Yesterday, I asked the ladies to post pieces of interior monologue from one of their male characters so we could give a little friendly advice on whether their guys are thinking like real guys.
Hunting for a monologue proved harder than I thought – most of what I found was blatant telling of emotion, and that’s got to go! Now I’m on a manuscript hunt to find and kill all descriptions of the emotion I’ve already showed (or haven’t showed yet).
What, by the way, constitutes a true monologue? Is it the POV character’s description of events, or action, or his feelings/thoughts? And when does monologue cease to be monologe and become telling, or vice versa? What is a good size for said monologue – can a monologue be only a couple sencences long or is that just a beat?
Randy sez: We’ve discussed interior monologue here on the blog a few months ago. It’s the thoughts that go through a character’s mind that the reader gets to peek in on. It can be shallow (summarizing what he’s thinking) or medium (telling what he’s thinking, but not exactly in his words) or deep (telling it EXACTLY the way he’s thinking it).
Yes, interior monologue is best done in short snippets. One or two sentences is fine. When you start going paragraphs at a time in interior monologue, you start losing readers unless you’re brilliant at it.
Camille posted this example:
A week later, Ian still had no idea what he was going to do about his trip and his obstinate grannie. He sat in the cottage kitchen again, staring at the telephone, hammering his brain for a solution. But all he could think of was their new minister running down the drive as fast as his bony legs would carry him, with Maggie on his heels, glinting blade in hand.
God, tell me again why I’m here?
He kept staring at the telephone as though the Almighty would ring with an answer. Maybe pounding his head against the wall would silence the nagging doubts—doubts about moving back here and trying to help a mule-headed old woman who battled him every step of the way.
But deep down, he already knew why. This was where God wanted him.
Randy sez: This is fine. I don’t get the idea that Ian’s a woman in man’s clothing here.
Donna posted this example from her historical novel:
I’ve known Christophe since we were young and he has been and remains my closest friend, the only one I told about the Houghtons. Even now I don’t think he fully understands my desire to find my heritage. He says that my heritage is the homestead and that if the Houghtons had had family anywhere in England that my birth mother would have insisted I be taken to them after her death instead of giving me to the Blays to raise as their own as well as giving them the farm. That point has confused me too but I can’t help the burning desire to find where they came from and whatever details I can gleen about them.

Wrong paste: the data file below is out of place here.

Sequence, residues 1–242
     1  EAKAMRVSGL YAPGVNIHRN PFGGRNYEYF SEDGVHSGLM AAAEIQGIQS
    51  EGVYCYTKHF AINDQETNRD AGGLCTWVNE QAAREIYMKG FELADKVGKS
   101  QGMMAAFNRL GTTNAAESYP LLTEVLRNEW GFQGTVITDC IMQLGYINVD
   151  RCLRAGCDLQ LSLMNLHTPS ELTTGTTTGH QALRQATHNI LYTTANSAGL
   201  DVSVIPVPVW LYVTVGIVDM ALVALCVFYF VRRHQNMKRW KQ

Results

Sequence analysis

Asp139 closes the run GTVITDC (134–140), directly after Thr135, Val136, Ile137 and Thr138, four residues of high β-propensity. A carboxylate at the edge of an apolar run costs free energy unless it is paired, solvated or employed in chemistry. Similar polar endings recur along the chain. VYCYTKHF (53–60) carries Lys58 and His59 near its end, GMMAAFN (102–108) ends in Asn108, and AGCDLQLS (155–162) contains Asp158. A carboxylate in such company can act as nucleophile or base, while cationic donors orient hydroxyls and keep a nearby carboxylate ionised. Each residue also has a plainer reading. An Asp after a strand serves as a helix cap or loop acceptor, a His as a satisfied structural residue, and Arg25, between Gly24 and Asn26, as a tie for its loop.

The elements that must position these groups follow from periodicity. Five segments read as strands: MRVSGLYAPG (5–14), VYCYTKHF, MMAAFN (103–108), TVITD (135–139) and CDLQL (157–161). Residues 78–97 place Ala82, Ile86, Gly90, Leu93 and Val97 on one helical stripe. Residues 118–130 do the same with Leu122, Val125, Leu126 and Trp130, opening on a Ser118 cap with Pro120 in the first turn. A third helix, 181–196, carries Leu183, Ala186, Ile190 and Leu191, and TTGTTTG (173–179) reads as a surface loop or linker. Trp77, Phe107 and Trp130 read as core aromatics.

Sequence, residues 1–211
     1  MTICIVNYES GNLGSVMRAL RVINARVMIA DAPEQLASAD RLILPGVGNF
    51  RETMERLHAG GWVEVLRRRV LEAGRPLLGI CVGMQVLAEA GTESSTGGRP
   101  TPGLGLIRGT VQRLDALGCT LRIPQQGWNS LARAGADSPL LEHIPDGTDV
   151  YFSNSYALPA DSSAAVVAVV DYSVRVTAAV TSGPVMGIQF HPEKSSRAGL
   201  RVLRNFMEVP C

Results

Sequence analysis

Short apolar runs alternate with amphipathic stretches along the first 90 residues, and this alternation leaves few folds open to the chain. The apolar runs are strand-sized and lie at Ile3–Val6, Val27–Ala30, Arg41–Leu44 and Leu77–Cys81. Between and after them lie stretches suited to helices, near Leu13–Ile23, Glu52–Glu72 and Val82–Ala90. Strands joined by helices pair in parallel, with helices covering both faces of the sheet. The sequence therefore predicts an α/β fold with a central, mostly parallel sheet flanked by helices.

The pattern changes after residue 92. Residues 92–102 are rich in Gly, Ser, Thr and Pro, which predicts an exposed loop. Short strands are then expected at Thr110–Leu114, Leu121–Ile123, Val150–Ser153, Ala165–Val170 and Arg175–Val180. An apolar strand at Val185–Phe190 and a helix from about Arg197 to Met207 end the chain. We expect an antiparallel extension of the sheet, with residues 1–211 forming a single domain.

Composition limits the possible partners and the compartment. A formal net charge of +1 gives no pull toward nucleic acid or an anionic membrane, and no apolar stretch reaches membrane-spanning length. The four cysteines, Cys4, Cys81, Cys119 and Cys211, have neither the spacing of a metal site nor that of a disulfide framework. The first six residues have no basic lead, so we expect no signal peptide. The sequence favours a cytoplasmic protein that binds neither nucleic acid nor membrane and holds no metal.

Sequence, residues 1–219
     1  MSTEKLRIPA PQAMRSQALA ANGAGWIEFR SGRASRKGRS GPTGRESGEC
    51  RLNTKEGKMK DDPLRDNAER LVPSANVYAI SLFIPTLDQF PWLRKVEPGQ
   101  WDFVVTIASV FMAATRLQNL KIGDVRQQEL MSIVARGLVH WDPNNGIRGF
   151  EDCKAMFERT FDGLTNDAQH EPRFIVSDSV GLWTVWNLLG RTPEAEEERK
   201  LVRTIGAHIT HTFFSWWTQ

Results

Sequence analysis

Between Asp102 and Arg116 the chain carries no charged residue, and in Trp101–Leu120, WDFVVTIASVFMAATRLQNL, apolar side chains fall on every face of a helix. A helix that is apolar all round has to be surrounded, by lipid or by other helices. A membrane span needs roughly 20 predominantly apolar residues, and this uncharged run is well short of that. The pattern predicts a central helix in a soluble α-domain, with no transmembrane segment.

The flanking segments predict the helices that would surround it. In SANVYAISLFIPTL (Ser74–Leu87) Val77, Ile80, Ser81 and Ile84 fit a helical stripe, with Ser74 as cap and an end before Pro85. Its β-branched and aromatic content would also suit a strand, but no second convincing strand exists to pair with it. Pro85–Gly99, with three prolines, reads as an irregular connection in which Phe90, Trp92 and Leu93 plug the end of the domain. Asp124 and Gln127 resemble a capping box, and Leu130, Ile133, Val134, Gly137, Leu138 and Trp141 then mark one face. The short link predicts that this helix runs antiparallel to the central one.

I can’t even answer as to why I kept travelling north, only that it was like some force calling me there. I can’t explain it except to say that it must have to do with Erandin. Whether or not that is where either had come from I still do not know. What I do know is that as soon as I arrived in Erandin, I felt as though I had been there before, even though I haven’t been. It was like stepping into one of the dreams I had as a child.
Randy sez: What I see here are a lot of longish sentences. These days, that’s more characteristic of women than men. I’m not sure if that’s true in the time period Donna’s writing for. Since the readers are going to be moderns, it might make sense to break these up some.
The other thing I noted was the word “desire.” That strikes me as a word that women are more likely to use than men. If someone says, “I desire that,” I’d bet odds of 3 to 1 that the speaker is a woman. It’s a minor point, but I think it shades the passage a bit “pink.” A modern guy would say, “I want that.”
The final point I’d like to make is this: “Use action verbs!” Men, on average, tend to be more proactive and forceful. Sure, there are lots who aren’t, but the manly guy goes out to kick butt. In the passage above, I’d say the guy wants to “dig up info,” not “glean details.”
Lynn posted this snippet:
Raktavio’s mind wandered over the past weeks, from the time he met Gratia, to the command to marry her, and then it lingered over the time in the dungeon of Selvz’ Temple at Ekentav. In the darkness of that dungeon, he discovered his loyalty to her was more than duty. Oh, she could gall him. The corner of his mouth lifted at the memory. Somehow, though, she had captured his heart.
Agh! He pounded his knees. He had done his duty to the King. Why had not the Mountain Lion protected them last night? Shaking his head, he stood up. This is not how a King’s Knight should act, let alone one titled Prince.
Randy sez: I see a couple verbs that could be stronger: “wandered” and “lingered.” These are not what I sometimes jokingly call “manly verbs.” Manly guys don’t wander and linger. They know where they’re going and they don’t mess around when they get there.
Pounding the knees is a good “manly” action. Overall, this passage is reasonably manly, but I think you can punch up a couple of verbs there.
Here was Lynda’s snippet:
He caught her wrist as she stood. “I’ve seen that guy—Ir—hanging around. Is he the problem?”
“Jae, I really need to go.”
He released her and watched her limp up the path. It was true. He placed his head in his hands. His heart ached. Bad.
Randy sez: I think that “caught” could be made a little more “manly.” Can he “grab” it? Or “snatch” it? And “placed” is a little weak too. Can he “clutch” his head?